Taste Canada: Pouding Chômeur

When I received an email from the Domestic Goddess, asking me to join her Canada Day blogging event, I could think of one dessert in particular that deserved mention.

The pouding chômeur, or poor man’s pudding, simply put, is a sponge cake with a thick caramelized maple sauce that drips through the cake during cooking time. The top becomes golden with syrup and the bottom becomes spongey and saucy. and mmmm just reaaally nice!

For the time being, I only have the recipe in French. Tomorrow if I can be bothered and if I’m not too busy unpacking more boxes, I’ll post a translated recipe (unless a kind soul wants to do it for me!) This isn’t my mother’s recipe, I can’t totally vouch for it, but it seems to be similar enough to succeed.

Also, I can’t find a good picture for the life of me, so wait till I make a batch (this weekend maybe?) and I’ll put a pic up!

Pouding chômeur

Préparation : 35 min
Cuisson : 45 min
Portions : 12

Gâteau:
1 1/2 tasse (375 ml ) de farine
1 c. à thé (5 ml) de poudre à pâte
1/4 tasse (60 ml) de beurre
1 tasse (250 ml) de sucre
1 tasse (250 ml) de lait

Sauce à l’érable:
1 tasse (250 ml) de sirop d’érable
1 tasse (250 ml) de cassonade
1 tasse (250 ml) d’eau bouillante
1/4 tasse (65 ml) de beurre

Préchauffer le four à 325 F.
Tamiser ensemble la farine et la poudre à pâte. Mettre de côté.
Dans un bol, défaire le beurre en crème. Incorporer graduellement le sucre jusqu’à consistance onctueuse.
Verser le quart du lait et de la farine. Mélanger. Répéter jusqu’à épuisement du lait et de la farine.
Beurrer un moule rectangulaire de 13×9 pouces (32×22 cm). Verser la pâte. Réserver.
Dans une casserole, mélanger tous les ingrédients de la sauce. Porter à ébullition et laisser bouillir quelques instants.
Verser la sauce sur la pâte. Ne pas mélanger.
Cuire à 325F pendant 45 minutes.

(Cross posted from my food blog as a Canada Day celebratory post!)

9 responses to “Taste Canada: Pouding Chômeur

  1. This dessert is something I have eaten many times but never made myself – let me know when you get your mom’s recipe posted, I’d love to try it!

    Thanks for being part of Taste Canada – I hope you enjoyed it as much as I did!

  2. Brock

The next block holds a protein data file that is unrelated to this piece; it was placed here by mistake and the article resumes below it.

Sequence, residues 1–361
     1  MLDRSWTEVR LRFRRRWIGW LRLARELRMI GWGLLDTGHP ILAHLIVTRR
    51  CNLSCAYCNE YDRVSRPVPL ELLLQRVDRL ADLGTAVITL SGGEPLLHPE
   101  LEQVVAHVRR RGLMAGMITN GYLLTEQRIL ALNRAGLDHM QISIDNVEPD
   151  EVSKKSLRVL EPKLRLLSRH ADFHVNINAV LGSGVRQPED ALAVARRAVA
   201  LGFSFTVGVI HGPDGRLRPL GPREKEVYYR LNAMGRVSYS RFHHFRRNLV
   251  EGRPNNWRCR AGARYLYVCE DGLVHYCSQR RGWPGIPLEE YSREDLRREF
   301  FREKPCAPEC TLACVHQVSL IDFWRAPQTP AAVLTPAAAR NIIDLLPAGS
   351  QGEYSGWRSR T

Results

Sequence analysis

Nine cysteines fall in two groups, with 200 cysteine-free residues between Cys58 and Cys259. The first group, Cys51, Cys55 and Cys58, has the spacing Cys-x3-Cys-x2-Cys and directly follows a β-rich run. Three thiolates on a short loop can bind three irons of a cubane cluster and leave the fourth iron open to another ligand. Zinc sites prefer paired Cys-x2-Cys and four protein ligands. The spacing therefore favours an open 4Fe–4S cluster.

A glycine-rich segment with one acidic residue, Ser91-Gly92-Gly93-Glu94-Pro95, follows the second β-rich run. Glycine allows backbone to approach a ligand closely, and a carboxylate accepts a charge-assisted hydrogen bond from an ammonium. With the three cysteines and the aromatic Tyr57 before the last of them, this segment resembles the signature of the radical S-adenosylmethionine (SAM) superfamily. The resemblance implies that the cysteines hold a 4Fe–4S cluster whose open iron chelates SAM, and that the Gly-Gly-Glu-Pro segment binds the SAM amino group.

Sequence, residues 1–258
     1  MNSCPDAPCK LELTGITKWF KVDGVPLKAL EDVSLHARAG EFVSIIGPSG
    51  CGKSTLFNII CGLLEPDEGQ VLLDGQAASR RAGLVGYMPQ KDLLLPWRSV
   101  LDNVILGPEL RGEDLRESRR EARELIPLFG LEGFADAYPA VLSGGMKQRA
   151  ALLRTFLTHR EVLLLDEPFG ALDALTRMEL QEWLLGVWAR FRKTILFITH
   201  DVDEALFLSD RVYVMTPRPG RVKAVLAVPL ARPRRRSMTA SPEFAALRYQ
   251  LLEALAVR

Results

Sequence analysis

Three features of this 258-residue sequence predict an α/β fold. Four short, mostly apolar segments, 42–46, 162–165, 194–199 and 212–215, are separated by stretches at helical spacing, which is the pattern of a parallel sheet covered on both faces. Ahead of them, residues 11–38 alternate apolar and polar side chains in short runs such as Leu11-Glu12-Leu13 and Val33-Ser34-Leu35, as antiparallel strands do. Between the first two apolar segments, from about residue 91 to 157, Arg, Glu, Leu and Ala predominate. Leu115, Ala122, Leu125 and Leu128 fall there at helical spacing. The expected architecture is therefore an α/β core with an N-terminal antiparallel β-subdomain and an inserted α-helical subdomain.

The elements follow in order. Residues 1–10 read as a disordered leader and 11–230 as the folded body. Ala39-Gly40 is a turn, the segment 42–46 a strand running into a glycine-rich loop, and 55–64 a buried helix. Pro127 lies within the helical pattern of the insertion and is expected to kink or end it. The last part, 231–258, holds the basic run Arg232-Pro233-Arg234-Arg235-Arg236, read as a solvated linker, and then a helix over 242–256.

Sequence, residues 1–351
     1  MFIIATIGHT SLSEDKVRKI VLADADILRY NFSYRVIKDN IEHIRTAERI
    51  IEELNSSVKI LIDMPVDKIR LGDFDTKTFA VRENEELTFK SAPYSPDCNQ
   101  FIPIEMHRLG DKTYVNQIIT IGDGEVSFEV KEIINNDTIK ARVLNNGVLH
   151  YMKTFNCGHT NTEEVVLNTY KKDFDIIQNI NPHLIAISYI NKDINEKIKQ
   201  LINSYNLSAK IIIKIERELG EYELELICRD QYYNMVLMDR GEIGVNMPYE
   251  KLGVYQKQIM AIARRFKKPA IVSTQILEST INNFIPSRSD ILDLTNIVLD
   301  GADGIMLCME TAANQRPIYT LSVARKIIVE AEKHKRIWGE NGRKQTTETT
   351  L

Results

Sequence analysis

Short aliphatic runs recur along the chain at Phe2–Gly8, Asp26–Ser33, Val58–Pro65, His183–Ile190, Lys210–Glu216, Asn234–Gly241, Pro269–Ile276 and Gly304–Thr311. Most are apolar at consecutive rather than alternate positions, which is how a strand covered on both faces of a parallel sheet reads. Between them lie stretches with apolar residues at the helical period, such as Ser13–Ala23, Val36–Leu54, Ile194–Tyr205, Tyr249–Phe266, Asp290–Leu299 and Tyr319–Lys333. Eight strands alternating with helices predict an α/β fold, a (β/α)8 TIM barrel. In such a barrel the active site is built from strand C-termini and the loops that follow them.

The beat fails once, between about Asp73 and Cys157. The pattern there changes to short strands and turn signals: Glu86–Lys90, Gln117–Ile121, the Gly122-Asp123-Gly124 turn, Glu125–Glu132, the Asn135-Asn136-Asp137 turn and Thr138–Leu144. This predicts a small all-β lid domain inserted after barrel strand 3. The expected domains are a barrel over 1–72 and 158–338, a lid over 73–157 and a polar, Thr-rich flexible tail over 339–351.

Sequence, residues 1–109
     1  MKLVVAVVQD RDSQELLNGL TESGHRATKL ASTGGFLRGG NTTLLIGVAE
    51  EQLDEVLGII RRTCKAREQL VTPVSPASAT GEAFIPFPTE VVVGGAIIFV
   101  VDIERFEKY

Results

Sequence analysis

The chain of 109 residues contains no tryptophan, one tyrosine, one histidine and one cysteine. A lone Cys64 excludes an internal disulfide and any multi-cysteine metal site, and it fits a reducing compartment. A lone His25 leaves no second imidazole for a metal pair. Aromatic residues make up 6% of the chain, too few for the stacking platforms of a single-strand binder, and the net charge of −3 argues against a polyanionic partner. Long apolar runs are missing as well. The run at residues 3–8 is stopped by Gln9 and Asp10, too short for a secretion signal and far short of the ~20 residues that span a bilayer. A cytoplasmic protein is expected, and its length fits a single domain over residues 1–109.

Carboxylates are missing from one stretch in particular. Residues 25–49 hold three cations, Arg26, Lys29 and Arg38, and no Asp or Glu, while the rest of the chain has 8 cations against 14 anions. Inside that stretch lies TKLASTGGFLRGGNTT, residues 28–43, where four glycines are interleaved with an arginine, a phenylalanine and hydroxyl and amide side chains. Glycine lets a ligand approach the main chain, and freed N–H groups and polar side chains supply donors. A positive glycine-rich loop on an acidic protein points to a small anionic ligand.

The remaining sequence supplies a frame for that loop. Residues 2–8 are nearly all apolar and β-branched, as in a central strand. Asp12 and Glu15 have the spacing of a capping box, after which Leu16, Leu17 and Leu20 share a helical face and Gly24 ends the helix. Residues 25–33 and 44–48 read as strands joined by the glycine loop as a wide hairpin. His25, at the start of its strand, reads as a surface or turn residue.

This recipe sounds almost identical to a dessert my mother used to make about 50 years ago. She called it, as I recall, “steam pudding”. I have wondered for years how to get a recipe, but never – I admit – made much effort.
    Once my half-baked French kicks in, I will probably give it a try.
    Thanks for posting it.

  3. Preparation : 35 min
    Baking: 45 min
    Portions : 12

    Cake:
    1 1/2 cup (375 ml ) of flour
    1 tea spoon (5 ml) of baking powder
    1/4 cup (60 ml) of butter
    1 cup (250 ml) of sugar
    1 cup (250 ml) of milk

    Maple sauce:
    1 cup (250 ml) or maple sirup (Preferably from Québec)
    1 cup (250 ml) of brown sugar
    1 cup (250 ml) boilling water
    1/4 cup (65 ml) of butter

    Preheat oven at 325 F.
    Mix flour and baker powder.
    Put it aside.
    In a bowl, mix butter and sugar gradually until it is creamy.
    Add quarter of the milk to the flour.
    Mix.
    Do it again 3 more time. (Do-it! Do-it!)
    Butter a suare pan of 13’x9′(32×22 cm).
    Pour the cake (flour mix).

    Mix and boil the rest of the ingredient in a pot. Boil for a couple of minutes.
    Poor sauce on the cake.

    DO NOT MIX!
    Bake for 45 mins at 325F.

    Looks like I’m the one that had nothing to do 🙂

    Enjoy this French dessert from Québec.

    Merci pour le recette et puis pour m’avoir faite connaître Banksy!.

    Vincent

  4. HELEN

    I had this once in Quebec and have been looking for the recipe can’t wait to make it! THANKS

  5. Deane

    So you need both brown sugar and maple syrup for the sauce? I have always made it with either/or.

  6. Jacquette

    WOOO this is SOOOOOOO goooooooood! it tastes like that time when i went to montreal and like there was a snow storm, and like it was really cold out and like umm my friends were eating something in the kitchen, that was like warm so i like um thought maybe i sould

  7. Pouding chomeur IS the ultimate comfort food… with a cup of tea
    along with soupe a l’oignon gratinee,
    un bon ragout,
    a piece of still warm bread (either cornmeal or irish soda, take your pick) covered with un bon fromage a pate molle…
    arrose de pinot noir, mmmm

  8. Eleanor

    thanks for the recipe; Lili’s menu is wonderful; tourtière du Saguenay (made with potatoes and meat) is really good too…

  9. Elissa

    Thanks for the recipe – I was speaking to my family on the phone this Thanksgiving weekend (Im a Montrealer living in London) and they mentioned they;d had pouding chomeur for dessert after turkey. It brought back so many memories, I remember always, always ordering pouding chomeur as dessert at St Hubert BBQ for example!
    So I will be making it tonight for an English friend coming round – fingers crossed!

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I'm Véro - a crafty, knitty, spinny gal who enjoys making (and drinking) a cocktail or three. If you've stumbled here, you might enjoy browsing some of my older posts with the tags over to the right or finding out more about me.

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